Shuffling through the night
Assimilating with the shadows and lights
Moving between what is to be seen and only to be felt.
Endlessly he practised his tricks on the skateboard while chatting to his friend. I just had to snap it!
Surrender. That’s the first word that comes to mind when I look at this picture. What I’ve learned throughout the years, is that letting go of the need for making pictures results in the most valuable pictures. So, to surrender to the moment and space you are in, means you tap into your subconscious mind and great opportunities appear in front of you. That surely is the case with photography. This time I was taking a stroll through my Amsterdam neighbourhood, feeling a bit out of sync. As I was sitting on a bench staring at the water, I noticed the pattern in the water and decided to make a picture through the fence between the bench and the water. Post processing it in monochrome did the trick. Not an unique picture at all, but I like the ink-like look of the water and the diagonal line within the framing.
I am fortunate to live just a couple of minutes away of the famous Van Gogh Museum. For a lot of tourists, this museum is a must-see when visiting Amsterdam. For a good reason; both the collection as the building are impressive. The only downside of this museum is that it is packed with visitors all-of-the-time.
I like strolling through the city at night and took this picture from outside the Van Gogh Museum. Although in monochrome, it resonates well with one of Van Gogh’s famous quotes:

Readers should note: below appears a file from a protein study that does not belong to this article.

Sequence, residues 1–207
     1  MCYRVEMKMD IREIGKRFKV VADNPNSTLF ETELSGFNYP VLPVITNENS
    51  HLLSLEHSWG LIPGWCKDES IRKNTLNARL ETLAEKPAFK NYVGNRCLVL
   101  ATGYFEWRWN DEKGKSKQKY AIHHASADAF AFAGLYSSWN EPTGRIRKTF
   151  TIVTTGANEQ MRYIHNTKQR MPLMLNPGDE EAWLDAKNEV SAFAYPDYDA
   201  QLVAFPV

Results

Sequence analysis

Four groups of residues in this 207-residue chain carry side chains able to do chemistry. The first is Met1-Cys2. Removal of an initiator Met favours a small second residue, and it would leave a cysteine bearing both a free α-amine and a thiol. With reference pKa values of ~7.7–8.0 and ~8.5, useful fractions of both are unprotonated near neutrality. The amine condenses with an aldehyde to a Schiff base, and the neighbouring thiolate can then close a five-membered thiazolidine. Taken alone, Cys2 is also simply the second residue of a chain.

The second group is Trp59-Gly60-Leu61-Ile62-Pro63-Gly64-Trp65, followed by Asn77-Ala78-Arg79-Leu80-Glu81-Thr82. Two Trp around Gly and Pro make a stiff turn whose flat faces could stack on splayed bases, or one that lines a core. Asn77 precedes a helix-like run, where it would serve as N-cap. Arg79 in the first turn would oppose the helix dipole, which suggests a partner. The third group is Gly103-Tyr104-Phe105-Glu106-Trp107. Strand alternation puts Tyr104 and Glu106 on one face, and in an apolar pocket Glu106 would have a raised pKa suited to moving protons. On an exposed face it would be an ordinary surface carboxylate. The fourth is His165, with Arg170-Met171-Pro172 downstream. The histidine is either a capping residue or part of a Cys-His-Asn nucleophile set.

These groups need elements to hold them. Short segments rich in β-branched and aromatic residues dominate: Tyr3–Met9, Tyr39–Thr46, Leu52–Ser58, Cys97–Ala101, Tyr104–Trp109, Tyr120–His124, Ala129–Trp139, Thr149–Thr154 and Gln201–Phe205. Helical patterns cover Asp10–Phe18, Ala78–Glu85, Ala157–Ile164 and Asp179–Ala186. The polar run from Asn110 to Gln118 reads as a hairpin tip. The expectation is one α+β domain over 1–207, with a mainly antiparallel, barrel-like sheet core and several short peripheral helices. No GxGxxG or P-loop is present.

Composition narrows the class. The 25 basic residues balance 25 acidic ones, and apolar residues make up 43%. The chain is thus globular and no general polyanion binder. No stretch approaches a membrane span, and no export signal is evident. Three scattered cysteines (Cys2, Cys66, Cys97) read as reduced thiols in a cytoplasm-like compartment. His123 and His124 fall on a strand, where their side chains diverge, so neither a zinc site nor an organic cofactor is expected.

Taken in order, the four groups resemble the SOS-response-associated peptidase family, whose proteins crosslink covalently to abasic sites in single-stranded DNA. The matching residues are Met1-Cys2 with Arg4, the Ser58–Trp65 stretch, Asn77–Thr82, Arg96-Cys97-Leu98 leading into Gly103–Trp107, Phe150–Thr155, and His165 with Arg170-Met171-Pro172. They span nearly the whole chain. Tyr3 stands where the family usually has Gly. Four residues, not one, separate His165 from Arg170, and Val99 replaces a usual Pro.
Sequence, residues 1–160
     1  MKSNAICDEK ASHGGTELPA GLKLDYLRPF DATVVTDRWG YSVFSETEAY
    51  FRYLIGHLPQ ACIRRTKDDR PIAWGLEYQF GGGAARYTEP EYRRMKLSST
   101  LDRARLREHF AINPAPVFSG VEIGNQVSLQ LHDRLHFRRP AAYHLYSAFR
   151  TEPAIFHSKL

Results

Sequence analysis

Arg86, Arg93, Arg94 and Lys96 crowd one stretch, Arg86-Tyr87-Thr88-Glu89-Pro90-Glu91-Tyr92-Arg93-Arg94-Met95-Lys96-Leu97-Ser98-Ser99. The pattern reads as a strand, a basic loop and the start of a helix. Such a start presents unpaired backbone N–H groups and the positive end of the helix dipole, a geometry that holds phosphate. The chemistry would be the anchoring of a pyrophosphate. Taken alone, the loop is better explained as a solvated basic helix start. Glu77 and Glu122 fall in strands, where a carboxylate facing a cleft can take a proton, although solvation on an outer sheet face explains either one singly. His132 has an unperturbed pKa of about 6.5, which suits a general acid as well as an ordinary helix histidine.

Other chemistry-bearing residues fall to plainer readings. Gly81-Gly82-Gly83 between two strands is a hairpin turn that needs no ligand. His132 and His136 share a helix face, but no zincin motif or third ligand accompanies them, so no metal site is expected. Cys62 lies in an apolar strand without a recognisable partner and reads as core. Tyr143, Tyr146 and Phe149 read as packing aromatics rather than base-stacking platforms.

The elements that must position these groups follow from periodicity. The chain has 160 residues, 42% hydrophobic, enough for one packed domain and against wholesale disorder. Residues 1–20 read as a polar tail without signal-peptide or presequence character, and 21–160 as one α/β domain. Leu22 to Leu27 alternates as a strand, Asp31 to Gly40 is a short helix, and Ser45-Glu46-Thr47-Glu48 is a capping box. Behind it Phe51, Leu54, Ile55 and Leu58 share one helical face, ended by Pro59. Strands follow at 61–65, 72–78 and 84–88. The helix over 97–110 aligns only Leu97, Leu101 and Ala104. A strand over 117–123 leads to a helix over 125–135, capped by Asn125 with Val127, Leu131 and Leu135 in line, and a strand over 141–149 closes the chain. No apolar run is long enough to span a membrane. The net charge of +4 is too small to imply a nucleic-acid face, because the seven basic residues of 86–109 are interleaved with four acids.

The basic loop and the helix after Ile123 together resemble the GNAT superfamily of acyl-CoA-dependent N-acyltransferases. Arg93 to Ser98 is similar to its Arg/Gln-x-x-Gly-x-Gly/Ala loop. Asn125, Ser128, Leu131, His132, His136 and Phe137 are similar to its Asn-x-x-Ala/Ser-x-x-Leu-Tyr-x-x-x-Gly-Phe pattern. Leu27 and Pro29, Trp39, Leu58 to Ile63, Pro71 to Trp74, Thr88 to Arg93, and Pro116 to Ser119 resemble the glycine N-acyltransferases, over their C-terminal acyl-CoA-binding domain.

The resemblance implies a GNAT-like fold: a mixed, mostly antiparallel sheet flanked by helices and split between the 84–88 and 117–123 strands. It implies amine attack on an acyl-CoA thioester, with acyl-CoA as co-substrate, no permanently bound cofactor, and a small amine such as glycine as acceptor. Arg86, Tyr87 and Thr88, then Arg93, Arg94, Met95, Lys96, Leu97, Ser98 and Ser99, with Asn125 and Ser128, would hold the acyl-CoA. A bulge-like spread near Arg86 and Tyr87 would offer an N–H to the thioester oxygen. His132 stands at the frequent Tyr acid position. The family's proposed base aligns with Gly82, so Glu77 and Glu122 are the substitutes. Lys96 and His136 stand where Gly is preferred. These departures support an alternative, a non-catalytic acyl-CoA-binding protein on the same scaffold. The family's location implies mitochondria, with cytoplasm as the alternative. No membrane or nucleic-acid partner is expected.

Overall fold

I often think that the night is more alive and more richly colored than the day.
-Vincent Van Gogh
I like how lines can create something that resonates with the very thing that ignites your sense of beauty, especially if they are a result of functional design. Walking on the Museum Plein in Amsterdam after visiting the Stedelijk Museum, I passed one of the entrances to the underground car parking. The lines and lightning immediately caught my eye. These kind of pictures work best in monochrome, so I already had my eyes in ‘monochrome mode’ when I took this picture.
My brother-in-law, that is to say the brother of my girlfriend, recently asked me to join me at going to a concert of the San Fransisco based band Con Brio in the famous Amsterdam Paradiso venue. I did not know the band but a quick Google search quickly did decide me to see this awesome band. The concert took place in the small hall, which holds I think 200 people at most. The small room created an intimate vibe but a challenging situation if you want to take photographs as well. I had to shoot at one position, with minimum light. Luckily, the band gave an exhilarating performance, matching Vintage Trouble (see this post) which resulted in a quite a bit ‘keepers’. I rarely post more than one picture, but this time I simply have to.
Nature surpasses all concepts of greatness. The wonderful thing is that you can be awed by it in so many ways. As I live in Amsterdam now, all the places that are not occupied by concrete or cars are safe havens for the mind. I took this picture in the Westerpark, a park along a busy road. You can sense the different state of mind of people when they are surrounded by nature, even if it’s a park.
This will not be the last post in which I praise the Leica M8 I’m afraid. There is something about the files that keeps me grabbing the now 10 year old M8. I recently read an article by Thorsten Overgaard where he confesses a return to his M9, letting the ‘better’ Typ M240 collecting dust. There is something about the CCD sensor that sets the M8 and M9 apart to all other camera’s, in my opinion that’s to say.There has been enough written about this (and fiercely discussed), so I won’t go into this any further :-). Having said that, one of the qualities the M8 is praised for, is its black and white conversion, which this picture is a fine example of (see my pictures here and more to follow in future posts). I shot this picture after visiting the Starbucks at the Rembrand Plein, Amsterdam. I noticed the man directing the traffic and took the shot at a high ISO (eeeek!). Although the bright yellow light he was holding in his hand did me grab my camera, in post production a black and white conversion yielded the best results.